Getting a better mortgage rate can depend partially on which lender you go through, but it is mostly related to how well you have handled your finances.
A good mortgage rate comes if you can improve your credit score. This may take a little time to develop, but the rewards of waiting to buy may be well worth it, especially if you plan to get a decent home.
You can do this by improving your spending habits, making sure you pay on time and spending less than thirty percent of your available credit at any time.
Stable Employment History
You should also show that you have a record of employment and reliable means of income. Doing this shows that you are good for your word on payments and won't cause the lender difficulty in the long run.
Another way to make the lender happy, in turn getting a better rate, is to pay more on your down payment.
We've mentioned this before, but having twenty percent of your mortgage to put in as a down payment is an exceptionally good thing in the eyes of the lender.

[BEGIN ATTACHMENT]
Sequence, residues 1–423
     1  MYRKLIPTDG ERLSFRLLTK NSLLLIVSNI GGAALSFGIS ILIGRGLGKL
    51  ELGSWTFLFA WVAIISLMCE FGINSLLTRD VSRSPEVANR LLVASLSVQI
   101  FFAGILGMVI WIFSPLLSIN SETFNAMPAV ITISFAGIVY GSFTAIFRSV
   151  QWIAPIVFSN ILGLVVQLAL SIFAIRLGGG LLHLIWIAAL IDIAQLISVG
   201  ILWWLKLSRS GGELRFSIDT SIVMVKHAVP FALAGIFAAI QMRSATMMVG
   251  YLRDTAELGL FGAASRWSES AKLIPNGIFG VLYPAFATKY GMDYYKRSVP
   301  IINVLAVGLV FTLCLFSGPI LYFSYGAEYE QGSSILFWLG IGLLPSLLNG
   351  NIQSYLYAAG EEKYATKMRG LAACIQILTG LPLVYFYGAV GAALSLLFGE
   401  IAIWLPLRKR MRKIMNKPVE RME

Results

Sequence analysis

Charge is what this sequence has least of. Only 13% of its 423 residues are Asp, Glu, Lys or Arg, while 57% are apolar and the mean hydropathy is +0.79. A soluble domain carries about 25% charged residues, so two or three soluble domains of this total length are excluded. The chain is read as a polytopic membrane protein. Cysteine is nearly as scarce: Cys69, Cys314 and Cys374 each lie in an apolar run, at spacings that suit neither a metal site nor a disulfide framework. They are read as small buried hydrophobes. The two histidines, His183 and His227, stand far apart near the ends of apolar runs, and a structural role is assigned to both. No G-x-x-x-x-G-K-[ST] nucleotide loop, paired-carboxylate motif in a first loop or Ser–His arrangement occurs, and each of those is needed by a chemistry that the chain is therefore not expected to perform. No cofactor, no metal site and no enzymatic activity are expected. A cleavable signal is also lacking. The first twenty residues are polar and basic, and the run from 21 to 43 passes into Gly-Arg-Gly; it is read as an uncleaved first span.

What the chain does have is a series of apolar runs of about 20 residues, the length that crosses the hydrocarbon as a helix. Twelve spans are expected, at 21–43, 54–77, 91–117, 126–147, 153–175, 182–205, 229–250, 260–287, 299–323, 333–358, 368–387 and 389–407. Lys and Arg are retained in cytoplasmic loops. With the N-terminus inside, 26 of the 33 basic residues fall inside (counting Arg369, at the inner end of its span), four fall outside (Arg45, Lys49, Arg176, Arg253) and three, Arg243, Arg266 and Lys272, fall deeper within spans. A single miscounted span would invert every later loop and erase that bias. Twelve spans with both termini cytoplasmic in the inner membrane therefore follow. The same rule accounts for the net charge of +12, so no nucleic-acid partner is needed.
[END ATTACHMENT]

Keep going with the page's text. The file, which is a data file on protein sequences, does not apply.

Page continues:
If you're positive that you're going to stay in your house for a long time, you have another option that will also lower your payment.
Namely, you can sign up for a longer mortgage.
In general, the longer the mortgage, the lower your rate will be.
This comes at a price, though because 15 years down the line, you may not want to be living in the same house you do right now.
This is an area that you should use caution in, because now more than ever, people are moving a lot and settling down for shorter periods of time.
To get a feel for whats best for your situation, try a mortgage comparison calculator to see your options side by side.